10 things I’ve learned about crowdfunding…and friendships

By Cristina DC Pastor

The first crowdfunding campaign is said to have started in 1885, and the first beneficiary was the Statue of Liberty.

At the time, there was no middleman called Kickstarter or Indiegogo, but the same principle applied. The people who were behind the project that would erect the Statue of Liberty – a gift to the U.S. from France — on American soil ran out of money and turned to public donations to finance the cost of the platform. In exchange for their contributions, the donors’ names would be printed in newspapers to acknowledge their support.

I was not aware of this configured information until I attended the recent “Doing Business in NYC” seminar hosted by the Philippine American Chamber of Commerce (PACC). One of the speakers, Ricardo Devallon of NYC Business Solutions, shared this morsel of insight. According to him, the Statue of Liberty campaign was able to raise $100K, enough to build the base and complete the project.

In the two campaigns I may have initiated or got involved with – an Investigative Reporting Project for The FilAm magazine, and a logistical fundraising for Makilala TV – the target amounts were not met. That’s OK because the amounts generated were still sufficient to get the good projects started.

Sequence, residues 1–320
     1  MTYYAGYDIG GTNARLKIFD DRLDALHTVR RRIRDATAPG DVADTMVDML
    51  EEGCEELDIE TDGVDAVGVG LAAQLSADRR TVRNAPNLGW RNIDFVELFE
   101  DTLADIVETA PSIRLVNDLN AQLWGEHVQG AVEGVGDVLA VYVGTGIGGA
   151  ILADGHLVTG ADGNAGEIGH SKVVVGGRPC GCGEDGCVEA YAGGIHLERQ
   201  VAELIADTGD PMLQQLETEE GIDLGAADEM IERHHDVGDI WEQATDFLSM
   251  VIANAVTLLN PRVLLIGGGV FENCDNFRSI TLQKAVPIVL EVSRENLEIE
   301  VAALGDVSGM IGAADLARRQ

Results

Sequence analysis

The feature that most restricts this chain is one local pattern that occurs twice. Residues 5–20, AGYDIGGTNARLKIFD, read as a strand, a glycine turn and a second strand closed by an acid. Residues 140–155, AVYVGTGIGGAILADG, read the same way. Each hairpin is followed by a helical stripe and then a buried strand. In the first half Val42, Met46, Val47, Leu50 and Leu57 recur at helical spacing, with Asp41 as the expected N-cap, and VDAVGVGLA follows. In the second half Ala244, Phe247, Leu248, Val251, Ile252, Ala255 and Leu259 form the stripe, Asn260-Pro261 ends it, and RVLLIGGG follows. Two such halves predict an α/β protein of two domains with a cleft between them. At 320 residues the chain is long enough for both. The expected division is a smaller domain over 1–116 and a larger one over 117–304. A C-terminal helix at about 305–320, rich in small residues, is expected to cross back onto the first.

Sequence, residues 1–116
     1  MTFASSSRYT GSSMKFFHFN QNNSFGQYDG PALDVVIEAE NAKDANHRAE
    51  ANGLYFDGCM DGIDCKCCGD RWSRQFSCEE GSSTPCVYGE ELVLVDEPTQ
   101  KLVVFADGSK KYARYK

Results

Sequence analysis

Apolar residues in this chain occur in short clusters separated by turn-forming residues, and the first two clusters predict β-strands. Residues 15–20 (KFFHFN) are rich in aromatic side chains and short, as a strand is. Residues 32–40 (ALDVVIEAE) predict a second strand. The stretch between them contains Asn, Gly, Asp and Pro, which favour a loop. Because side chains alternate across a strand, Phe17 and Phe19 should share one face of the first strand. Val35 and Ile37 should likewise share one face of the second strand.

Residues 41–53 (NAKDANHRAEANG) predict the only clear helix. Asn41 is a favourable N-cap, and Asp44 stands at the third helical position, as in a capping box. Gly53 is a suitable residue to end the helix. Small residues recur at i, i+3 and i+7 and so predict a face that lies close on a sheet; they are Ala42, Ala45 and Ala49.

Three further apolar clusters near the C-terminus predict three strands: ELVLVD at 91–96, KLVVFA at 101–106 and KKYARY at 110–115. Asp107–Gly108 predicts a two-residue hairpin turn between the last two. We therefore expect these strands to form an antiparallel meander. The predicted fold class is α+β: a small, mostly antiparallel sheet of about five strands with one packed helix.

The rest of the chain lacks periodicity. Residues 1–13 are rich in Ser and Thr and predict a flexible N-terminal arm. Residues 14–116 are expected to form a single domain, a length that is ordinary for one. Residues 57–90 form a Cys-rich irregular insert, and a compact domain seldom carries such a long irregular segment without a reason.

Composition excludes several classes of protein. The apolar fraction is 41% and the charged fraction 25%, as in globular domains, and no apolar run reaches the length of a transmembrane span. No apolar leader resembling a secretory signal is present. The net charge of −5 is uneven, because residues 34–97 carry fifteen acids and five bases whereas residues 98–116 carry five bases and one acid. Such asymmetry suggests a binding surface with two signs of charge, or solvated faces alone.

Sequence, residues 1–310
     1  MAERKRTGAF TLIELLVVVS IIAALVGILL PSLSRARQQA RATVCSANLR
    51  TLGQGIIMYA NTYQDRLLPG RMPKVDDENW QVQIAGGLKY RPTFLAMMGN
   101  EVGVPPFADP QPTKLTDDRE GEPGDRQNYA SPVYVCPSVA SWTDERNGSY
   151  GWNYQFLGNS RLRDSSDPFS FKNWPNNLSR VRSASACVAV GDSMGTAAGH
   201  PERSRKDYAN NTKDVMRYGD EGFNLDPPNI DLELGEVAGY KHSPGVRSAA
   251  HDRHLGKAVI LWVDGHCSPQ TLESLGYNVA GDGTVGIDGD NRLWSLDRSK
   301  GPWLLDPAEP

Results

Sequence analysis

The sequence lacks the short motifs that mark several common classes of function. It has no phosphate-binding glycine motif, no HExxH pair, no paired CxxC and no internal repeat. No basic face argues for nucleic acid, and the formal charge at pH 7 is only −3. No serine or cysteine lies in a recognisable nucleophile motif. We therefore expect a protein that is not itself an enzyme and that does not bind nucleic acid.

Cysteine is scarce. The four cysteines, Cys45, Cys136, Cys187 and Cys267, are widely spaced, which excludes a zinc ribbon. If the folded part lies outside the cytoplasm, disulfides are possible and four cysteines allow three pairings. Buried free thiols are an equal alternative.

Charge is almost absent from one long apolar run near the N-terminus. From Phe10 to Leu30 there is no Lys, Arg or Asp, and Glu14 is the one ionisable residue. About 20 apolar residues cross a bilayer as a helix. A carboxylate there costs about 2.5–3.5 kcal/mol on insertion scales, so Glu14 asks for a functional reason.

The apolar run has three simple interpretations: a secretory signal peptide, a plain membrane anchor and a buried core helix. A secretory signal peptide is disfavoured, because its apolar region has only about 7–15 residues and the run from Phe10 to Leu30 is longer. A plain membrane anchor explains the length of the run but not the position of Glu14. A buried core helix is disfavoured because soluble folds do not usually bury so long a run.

In the end, it is not a reflection on the project, said a friend who works for a nonprofit . It is more an indication that, perhaps, the Filipino-American network has become more selective because it is getting hit by all types of community fundraising.

I also learned from crowdfunding blogs that sometimes the project, no matter how worthy, is not what lures the money. Rather, it is the idea that the donor becomes part of the process of creation.

Some food campaigns, for example, have gotten great monetary rewards on the idea that the donors would be able to have a say in the production of a pasta sauce or kale chips when they send in their donation. It would be a point of pride to see the products on store shelves and be able to say, “I gave money to this company.”

Both theories are probably valid. With my experience, however, I learned 10 more things about crowdfunding and that bitter reality called ‘asking your friends for money.’

10-The surge comes at the beginning and toward the end.
9-In between, donations trickled and the waiting is excruciating.
8-You get a thrill when a total stranger makes a donation, and then you wonder: Why?
7-Friends say they will help, but they don’t!
6-After the campaign period is over, they said they forgot and will send a check…and still don’t!
5-Some friends have been ignoring your emails, or at least that’s what you suspect.
4-Should you ask donation from people you plan to investigate (or guest on the show)?
3-Some friends said they’re “broke,” and I liked that they were honest.
2- Some friends are the last to donate!
1-You’re just too glad when it’s over!

red line

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